Michael Kasprzyk’s small radiant tubing company in Holland is expanding, but the president of Inex Inc. still feels guarded about where the economy is headed this year.
Kasprzyk’s company is doubling the size of its nine-person Holland facility to about 6,500 square feet after the company brought work that previously had been done by a contractor in-house. Kasprzyk figures the company, which is working seven days a week and has run out of space, will hire a couple of new employees once the expansion is finished.
But that doesn’t mean Kasprzyk is brimming with optimism about the Buffalo Niagara economy.
To the contrary, he frets about the high taxes and the lack of tax breaks and other incentives from the region’s economic development agencies, which Kasprzyk feels are focused too much on big companies and not enough on small firms like his.
And with a customer base that spans much of the globe, the turbulence in the world’s markets – from slowing growth in China and a strong dollar that makes exports more expensive, to plunging oil prices – Kasprzyk is feeling uncertain.
He’s not alone. A new poll of high-ranking business officials found that executives are much less optimistic than they were a year ago, when a wave of optimism swept across the Buffalo Niagara region as the Buffalo Billion investment program began to move from the idea phase to the construction phase, while the state and national economy slowly gained strength.
But despite the strongest job growth in the region since 1999, last year didn’t live up to the executives’ lofty expectations. Sales were lower than they predicted, and so were profits.
This year, the executives are tempering their outlook. They mostly expect flat-to-moderate sales and profit growth. They’re still interested in making investments in their businesses, and a third expect to hire more workers this year, according to the survey of 148 executives in the Buffalo Niagara region by the Siena Research Institute.
“We certainly have taken a step backward, not a step forward,” said Donald Levy, the director of the Siena institute, which conducted its survey from late October through December.
The poll puts confidence levels back at where they were in 2010 and 2011, when the region was in the midst of the recovery from the Great Recession.
Now, with the stock market in a period of heightened volatility and global growth slowing, the uncertainty is growing.
“I sense a general slowdown,” said Michael Deakin, the president of two North Tonawanda companies, specialty metals finishing firm Val-Kro and abrasives manufacturer Pellets LLC.
Last year was the first in 15 years that sales at Deakins’ companies didn’t increase. He’s expecting this year to be soft, as well.
“The strength of the dollar has hurt us,” he said, while the plunge in energy prices has led to lower sales to customers in the oil and natural gas industry.
The decline in optimism wasn’t unique to Buffalo. The drop here mirrored rising levels of pessimism across upstate.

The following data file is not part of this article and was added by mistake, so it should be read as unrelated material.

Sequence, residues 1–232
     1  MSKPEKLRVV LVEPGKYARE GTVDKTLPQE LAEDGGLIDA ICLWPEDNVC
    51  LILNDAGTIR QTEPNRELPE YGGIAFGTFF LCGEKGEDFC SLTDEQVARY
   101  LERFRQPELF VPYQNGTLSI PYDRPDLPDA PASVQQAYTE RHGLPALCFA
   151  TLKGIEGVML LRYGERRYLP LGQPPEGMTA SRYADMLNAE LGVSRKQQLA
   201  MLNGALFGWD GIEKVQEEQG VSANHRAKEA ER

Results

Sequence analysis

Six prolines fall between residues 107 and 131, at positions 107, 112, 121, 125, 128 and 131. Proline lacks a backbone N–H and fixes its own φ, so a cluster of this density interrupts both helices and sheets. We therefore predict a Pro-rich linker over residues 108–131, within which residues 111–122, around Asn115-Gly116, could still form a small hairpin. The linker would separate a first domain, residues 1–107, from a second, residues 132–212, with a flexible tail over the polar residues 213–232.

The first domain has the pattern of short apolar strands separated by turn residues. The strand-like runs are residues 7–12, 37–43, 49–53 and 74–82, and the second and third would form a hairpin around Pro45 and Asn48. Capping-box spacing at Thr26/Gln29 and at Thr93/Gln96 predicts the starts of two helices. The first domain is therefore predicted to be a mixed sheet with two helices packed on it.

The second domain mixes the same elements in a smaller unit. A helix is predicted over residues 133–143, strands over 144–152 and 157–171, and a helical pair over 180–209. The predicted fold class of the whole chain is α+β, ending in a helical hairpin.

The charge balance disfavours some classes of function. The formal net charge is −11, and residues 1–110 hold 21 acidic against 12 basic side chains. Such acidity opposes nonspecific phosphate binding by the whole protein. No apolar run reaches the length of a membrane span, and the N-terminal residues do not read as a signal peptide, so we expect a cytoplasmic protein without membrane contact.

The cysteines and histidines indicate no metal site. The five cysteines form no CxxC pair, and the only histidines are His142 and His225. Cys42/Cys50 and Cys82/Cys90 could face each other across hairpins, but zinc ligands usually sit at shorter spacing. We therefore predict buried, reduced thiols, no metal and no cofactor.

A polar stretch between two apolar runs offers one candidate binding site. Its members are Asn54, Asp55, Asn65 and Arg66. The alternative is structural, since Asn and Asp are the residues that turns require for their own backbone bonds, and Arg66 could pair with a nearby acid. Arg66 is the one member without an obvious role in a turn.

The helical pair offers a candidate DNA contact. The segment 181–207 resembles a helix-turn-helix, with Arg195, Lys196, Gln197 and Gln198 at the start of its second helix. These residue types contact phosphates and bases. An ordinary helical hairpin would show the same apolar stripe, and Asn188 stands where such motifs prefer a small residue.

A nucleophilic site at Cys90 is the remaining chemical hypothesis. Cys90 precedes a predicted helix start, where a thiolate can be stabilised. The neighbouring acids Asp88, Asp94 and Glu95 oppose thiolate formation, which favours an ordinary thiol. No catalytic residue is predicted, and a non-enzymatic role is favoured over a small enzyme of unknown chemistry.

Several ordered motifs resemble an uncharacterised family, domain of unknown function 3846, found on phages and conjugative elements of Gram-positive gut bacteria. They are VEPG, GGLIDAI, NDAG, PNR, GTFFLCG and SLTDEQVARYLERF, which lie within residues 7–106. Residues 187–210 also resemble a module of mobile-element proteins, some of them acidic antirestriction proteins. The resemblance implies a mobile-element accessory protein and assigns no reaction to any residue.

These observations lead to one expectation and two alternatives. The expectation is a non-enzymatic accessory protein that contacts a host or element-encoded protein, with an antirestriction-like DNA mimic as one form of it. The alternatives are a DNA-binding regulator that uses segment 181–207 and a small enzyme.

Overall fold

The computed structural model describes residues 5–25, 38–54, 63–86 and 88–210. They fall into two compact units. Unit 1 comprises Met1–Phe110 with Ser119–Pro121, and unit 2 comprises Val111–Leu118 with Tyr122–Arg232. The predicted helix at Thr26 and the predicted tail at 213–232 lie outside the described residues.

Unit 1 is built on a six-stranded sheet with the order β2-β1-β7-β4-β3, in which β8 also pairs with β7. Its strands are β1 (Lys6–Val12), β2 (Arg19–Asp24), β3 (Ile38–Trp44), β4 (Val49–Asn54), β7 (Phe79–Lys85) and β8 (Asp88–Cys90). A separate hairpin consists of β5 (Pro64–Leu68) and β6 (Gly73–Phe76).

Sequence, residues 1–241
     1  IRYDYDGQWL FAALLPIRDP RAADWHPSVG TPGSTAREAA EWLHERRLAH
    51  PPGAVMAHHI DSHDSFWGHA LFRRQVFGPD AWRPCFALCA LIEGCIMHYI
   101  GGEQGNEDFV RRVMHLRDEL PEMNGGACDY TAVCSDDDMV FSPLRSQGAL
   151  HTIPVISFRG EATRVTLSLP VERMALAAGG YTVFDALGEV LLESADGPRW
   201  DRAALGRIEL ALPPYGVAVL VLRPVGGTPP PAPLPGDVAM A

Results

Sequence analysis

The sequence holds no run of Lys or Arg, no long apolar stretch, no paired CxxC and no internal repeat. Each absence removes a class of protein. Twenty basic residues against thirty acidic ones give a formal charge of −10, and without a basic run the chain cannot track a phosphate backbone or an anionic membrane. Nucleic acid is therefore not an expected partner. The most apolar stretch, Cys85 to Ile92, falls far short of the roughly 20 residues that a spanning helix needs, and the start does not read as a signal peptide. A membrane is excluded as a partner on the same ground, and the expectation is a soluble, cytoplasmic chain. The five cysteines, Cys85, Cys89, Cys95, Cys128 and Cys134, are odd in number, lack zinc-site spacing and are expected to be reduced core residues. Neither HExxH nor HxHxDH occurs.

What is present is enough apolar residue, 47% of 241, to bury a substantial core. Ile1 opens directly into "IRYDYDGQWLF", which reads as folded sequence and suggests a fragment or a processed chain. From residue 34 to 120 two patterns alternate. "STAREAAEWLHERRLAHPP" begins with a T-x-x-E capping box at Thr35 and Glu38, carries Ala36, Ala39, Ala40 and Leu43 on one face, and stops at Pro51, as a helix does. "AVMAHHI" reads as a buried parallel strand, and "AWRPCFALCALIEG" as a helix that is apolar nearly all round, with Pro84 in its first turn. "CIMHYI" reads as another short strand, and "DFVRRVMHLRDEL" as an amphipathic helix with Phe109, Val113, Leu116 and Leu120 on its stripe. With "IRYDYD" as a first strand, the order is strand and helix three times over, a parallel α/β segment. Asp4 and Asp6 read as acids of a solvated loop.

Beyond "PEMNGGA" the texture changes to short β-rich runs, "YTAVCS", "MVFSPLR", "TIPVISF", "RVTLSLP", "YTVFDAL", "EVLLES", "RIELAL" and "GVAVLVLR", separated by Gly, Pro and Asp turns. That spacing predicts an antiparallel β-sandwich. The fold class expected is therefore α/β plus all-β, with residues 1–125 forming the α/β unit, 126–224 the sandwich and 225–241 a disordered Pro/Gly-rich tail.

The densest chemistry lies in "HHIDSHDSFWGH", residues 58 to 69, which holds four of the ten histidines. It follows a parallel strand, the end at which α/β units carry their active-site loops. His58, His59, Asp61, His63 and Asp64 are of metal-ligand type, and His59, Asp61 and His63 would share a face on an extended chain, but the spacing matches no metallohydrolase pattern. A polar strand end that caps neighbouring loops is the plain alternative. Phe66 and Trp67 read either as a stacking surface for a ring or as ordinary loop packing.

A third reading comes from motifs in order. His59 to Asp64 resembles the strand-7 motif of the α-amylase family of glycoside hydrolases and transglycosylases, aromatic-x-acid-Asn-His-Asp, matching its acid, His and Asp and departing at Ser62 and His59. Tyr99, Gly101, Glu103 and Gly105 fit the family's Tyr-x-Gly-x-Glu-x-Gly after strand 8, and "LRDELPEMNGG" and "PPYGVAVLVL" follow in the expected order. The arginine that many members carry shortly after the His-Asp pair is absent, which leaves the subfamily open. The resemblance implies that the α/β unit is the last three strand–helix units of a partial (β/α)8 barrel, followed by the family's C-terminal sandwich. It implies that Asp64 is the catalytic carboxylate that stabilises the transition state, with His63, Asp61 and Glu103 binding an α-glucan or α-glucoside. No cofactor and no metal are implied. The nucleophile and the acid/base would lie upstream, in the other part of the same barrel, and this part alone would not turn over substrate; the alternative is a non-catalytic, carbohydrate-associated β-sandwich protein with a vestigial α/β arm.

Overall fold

“That’s not surprising given what you see going on around the United States and the world,” said Ken Pokansky, vice president of the Business Council of New York State, which sponsored the poll.
In addition to the murkier economic outlook, Levy said the poll shows that executives also are concerned about how issues – such as the proposed increase in the minimum wage to $15, taxes and higher health care costs – could affect their businesses in the future.
“They’re saying ‘I just don’t feel as good as I did a year ago. The year I had didn’t live up to my expectations, and I have lessened expectations for the year ahead,’ ” Levy said.
Still, the survey shows that local executives are more than twice as optimistic than they were during the depths of the recession in 2008 – and 14 percent more upbeat than they were three years ago.
Among the survey’s findings:
• Slightly more than a quarter (28 percent) of the local executives surveyed consider themselves to be optimists, which is in line with the 29 percent who fall into the optimist camp across upstate. While optimists now outnumber pessimists in the Buffalo Niagara region by about 17 percent, that’s a huge shift from a year ago, when optimists outnumbered pessimists by a 2-to-1 margin..
• The decline in optimism isn’t limited to the Buffalo Niagara region. Overall confidence levels locally dropped by 14 percent in 2015, which is about the same size of the decline across all of upstate.
• While separate polls by Siena researchers and Quinnipiac University have found that roughly three-in-five New Yorkers support raising the minimum wage to $15, it was staunchly opposed by the local executives, with 95 percent saying it was a bad idea. The opposition locally was even stronger than it was in other parts of upstate, where the higher minimum wage was opposed by 86 percent of the executives surveyed.
“You’re seeing really strong opposition, mostly among the small employers that would be most directly affected by it,” Pokansky said.